Come join us for the 2021 North American Manure Expo August 25-26th coming from Ontario. Registration is free for this virtual event hosted from Maplevue Farms near Listowel, Perth Cty.
Although a virtual event, there is a lot to see. Equipment demonstrations featuring some of the latest innovations, farm tours, informative sessions highlighting current research and practical in-field tips around manure and organic amendments are scheduled during the two-day event (but available to view until the end of the year). Topics include:
- Determining the Real Cost of Handling Manure (panel)
- OPACA Innovations – Ontario Professional Ag Contractors share innovations that enhance application
- On-the-Go Tracking of Applied Nutrients – Opportunities, Challenges, Economics
- Compaction – the Problem – measuring soil compaction from manure equipment at 6, 12- & 20-inch depth
- Compaction – Fixing the Problem – choosing tires, managing tire pressure and utilizing inflation/deflation systems
- Managing Manure to Reduce Greenhouse Gas Emissions
- Phosphorus and Manure – is 4R enough to reduce P impact from manure?
- Safe Travels – Tips for staying safe from agitation to application
- Maximizing Growing Season and In-crop Manure Application Using Draghose Systems
- Whole Farm Nutrient Management – Tour – Visit the North American Manure Expo 2021 host farm and family to experience Ontario dairy farm innovations and a whole-farm approach to manure nutrient management.
- Tiny Bubbles Make Me Happy – Tour – Aeration systems in liquid manure storages are a new-to-Ontario technology. Two dairy farms show and tell why they chose aeration and how the technology has improved manure management.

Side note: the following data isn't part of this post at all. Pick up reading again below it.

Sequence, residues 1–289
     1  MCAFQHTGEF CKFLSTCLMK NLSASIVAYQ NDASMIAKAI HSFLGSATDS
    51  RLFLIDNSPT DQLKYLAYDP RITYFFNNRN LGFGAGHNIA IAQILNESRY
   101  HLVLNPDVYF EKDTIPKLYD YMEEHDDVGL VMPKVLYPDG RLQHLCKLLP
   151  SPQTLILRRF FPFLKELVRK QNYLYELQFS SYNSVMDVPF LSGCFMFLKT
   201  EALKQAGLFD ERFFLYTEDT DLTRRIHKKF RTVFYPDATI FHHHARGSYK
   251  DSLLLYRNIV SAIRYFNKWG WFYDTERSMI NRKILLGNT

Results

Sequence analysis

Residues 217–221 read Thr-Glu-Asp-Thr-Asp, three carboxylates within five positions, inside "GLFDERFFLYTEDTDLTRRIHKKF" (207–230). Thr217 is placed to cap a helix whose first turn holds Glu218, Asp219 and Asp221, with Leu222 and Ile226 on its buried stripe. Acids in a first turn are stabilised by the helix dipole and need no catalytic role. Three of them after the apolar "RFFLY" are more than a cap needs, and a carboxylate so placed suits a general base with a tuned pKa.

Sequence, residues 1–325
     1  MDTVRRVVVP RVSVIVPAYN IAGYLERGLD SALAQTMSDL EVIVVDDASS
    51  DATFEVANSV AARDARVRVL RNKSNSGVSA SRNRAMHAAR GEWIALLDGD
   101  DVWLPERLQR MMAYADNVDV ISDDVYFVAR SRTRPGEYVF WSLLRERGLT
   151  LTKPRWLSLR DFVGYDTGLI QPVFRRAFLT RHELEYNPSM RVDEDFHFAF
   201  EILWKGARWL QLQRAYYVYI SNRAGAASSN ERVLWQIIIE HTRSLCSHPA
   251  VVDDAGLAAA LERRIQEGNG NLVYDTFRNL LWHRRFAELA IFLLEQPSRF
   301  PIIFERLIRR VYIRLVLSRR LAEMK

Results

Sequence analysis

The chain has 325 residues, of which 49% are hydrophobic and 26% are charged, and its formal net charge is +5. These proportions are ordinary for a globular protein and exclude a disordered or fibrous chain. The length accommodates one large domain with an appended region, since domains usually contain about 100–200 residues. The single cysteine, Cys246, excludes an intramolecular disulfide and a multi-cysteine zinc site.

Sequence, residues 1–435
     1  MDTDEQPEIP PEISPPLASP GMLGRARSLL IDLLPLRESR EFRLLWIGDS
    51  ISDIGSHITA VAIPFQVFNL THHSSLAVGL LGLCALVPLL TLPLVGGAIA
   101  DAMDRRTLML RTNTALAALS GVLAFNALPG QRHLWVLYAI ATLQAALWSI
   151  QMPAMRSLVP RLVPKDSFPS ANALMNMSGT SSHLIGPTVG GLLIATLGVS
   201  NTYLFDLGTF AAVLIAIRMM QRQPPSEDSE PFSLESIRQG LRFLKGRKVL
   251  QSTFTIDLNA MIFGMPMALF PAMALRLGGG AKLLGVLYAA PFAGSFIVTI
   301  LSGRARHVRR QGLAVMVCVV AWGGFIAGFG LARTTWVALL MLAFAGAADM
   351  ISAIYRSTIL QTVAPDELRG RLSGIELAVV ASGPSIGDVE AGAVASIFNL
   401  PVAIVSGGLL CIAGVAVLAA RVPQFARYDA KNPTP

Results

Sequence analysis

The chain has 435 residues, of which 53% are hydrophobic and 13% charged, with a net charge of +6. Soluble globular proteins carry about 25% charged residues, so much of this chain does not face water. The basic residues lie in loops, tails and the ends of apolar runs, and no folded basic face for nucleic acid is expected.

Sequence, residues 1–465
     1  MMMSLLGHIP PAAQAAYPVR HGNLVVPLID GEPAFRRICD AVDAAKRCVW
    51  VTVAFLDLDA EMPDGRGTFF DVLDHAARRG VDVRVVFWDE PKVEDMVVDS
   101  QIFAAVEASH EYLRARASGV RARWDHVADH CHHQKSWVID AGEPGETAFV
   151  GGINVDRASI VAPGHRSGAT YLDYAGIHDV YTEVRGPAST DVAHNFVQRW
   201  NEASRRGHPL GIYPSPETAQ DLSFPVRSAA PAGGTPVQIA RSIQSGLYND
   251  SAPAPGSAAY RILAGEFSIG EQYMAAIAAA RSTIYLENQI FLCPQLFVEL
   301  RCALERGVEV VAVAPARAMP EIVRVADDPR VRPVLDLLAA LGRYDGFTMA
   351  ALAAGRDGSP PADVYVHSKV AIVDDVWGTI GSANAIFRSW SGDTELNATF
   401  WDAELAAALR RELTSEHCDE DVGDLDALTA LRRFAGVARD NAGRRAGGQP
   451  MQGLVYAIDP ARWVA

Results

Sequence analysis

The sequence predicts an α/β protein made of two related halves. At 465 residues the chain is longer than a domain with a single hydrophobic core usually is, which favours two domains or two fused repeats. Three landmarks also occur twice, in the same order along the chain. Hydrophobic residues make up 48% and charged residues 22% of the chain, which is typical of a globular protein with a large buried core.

- Solid Innovations – Thinking Outside the Box – Tour beef, dairy and poultry solid manure facilities including a compost pack barn, innovative covered storage and compost production facility.
- From Flush to Field – Tour – Did you ever wonder what happens to, well you know, when you flush the toilet? Journey through a wastewater treatment plant all the way to field application of biosolids and experience the people, the processes and the products.
- The Land Down Under – Soil Interpretive Centre Tour – An overview of the world-class Soil Health Interpretive Centre (U of G) where cutting edge soils research meets farm field manure management.
On vacation, or busy during the last week of August? No worries: Once registered there is access to all the events anytime until the end of the year. Registration is free, nutrient management CEU credits are available and the top 10 manure slogans will be revealed. Register today at www.manureexpo.ca
|Location||Year||Weekly July 12 – July 18||Accumulated|
|Highest Temp (°C)||Lowest Temp (°C)||Rain (mm)||Rain (mm) April 1st||GDD 0C April 1st||GDD 5C April 1st||CHU May 1st|
|Report compiled by OMAFRA using Environment Canada data. Data quality is verified but accuracy is not guaranteed. Report supplied for general information purposes only. An expanded report is available at www.fieldcropnews.com.|